Cable news channels are television channels devoted to television news broadcasts, with the name deriving from the proliferation of such networks during the 1980s with the advent of cable television. In the United States, early networks included CNN in 1980, Financial News Network (FNN) in 1981 and CNN2 (now HLN) in 1982. CNBC was created in 1989, taking control of FNN in 1991. Through the 1990s and beyond, the cable news industry continued to grow, with the establishment of several other networks, including, Fox News Channel (FNC), MSNBC, and specialty channels such as Bloomberg Television, Fox Business Network, and ESPN News. More recent additions to the cable news business have been CBSN, Newsmax TV, TheBlaze, Fusion, One America News Network, part-time news network RFD-TV, and—for a time—Al Jazeera America.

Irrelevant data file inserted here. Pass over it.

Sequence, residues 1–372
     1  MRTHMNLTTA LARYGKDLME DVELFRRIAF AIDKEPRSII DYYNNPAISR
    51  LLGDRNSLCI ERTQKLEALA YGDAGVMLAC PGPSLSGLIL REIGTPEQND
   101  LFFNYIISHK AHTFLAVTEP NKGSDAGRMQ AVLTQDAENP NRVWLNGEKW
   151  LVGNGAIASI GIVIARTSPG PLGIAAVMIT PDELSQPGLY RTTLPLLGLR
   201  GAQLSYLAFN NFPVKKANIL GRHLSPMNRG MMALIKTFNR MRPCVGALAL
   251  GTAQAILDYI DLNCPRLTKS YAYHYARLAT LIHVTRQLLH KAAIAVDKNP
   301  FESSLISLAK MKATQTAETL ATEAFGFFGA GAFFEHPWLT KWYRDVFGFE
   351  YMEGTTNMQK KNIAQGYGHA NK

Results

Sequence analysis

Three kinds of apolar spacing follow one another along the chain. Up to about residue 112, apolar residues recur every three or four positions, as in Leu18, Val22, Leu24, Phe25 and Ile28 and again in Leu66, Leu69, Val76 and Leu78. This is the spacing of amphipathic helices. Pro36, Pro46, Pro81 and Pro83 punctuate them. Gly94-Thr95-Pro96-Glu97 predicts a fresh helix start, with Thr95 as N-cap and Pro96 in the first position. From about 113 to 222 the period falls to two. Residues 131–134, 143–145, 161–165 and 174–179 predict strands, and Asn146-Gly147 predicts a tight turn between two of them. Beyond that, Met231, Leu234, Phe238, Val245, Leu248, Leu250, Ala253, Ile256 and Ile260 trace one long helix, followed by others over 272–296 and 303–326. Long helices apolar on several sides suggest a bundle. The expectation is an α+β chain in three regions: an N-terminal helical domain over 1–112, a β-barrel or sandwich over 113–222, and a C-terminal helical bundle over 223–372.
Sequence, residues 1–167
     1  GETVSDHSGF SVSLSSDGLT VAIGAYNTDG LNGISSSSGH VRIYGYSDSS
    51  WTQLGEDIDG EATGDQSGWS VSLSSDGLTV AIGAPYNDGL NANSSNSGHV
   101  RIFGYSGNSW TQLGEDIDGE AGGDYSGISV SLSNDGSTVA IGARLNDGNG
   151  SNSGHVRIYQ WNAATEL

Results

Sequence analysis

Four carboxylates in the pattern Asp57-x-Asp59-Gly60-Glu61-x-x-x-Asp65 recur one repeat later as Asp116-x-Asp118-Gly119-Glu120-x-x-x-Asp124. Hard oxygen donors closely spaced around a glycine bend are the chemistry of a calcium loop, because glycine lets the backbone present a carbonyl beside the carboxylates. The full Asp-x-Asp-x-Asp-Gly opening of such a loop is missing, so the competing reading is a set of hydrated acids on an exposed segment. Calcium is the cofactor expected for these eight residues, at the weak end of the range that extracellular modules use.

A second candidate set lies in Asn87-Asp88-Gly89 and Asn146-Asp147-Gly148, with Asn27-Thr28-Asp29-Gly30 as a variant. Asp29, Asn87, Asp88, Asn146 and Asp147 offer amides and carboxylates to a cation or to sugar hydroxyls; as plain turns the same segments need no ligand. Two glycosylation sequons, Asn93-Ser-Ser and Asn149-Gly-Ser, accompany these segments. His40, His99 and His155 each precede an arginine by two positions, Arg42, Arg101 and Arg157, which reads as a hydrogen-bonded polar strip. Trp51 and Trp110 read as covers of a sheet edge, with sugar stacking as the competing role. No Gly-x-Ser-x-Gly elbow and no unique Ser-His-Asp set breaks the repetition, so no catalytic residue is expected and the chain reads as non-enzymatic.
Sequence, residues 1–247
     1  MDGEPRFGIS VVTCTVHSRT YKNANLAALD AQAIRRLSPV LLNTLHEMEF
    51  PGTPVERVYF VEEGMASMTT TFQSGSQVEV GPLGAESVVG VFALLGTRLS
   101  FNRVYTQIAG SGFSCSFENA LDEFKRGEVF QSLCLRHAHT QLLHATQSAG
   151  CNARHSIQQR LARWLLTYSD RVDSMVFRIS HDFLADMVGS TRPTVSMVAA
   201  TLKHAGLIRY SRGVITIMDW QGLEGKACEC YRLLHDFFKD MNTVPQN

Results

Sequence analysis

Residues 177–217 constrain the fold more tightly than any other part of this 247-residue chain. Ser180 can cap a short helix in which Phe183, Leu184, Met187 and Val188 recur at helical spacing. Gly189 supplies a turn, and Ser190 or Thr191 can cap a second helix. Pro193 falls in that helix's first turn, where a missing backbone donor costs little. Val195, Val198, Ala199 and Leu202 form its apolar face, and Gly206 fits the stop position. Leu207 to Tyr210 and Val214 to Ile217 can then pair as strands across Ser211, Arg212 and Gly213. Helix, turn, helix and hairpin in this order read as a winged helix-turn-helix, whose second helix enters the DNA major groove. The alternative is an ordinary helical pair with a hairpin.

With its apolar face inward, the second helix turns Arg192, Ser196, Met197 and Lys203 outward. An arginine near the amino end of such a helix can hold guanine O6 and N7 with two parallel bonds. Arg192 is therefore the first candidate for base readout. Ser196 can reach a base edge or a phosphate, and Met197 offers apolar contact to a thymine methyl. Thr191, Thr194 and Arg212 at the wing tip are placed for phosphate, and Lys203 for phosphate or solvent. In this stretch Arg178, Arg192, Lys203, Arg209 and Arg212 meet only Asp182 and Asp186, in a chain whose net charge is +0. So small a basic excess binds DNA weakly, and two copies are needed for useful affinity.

As some of the most highly available channels, FNC, CNN, and MSNBC are sometimes referred to as the "big three" with Fox News having the highest viewership and ratings. While the networks are usually referred to as 24-hour news networks, reruns of news programs and analysis or opinion programming are played throughout the night, with the exception of breaking news.
Regional 24-hour cable news television channels that are primarily concerned with local programming and cover some statewide interest have included Spectrum News (a brand used for multiple networks including in upstate New York, North Carolina, Florida and Texas), NY1 (which operates from New York City), News 12 Networks, FiOS1, and the former Northwest Cable News (NWCN) (which operated from Seattle). New England Cable News covers the six-state region of New England.
High-definition television broadcasting by country
in order of deployment
Digital television in North America
|Stations and networks|
|Awards and events|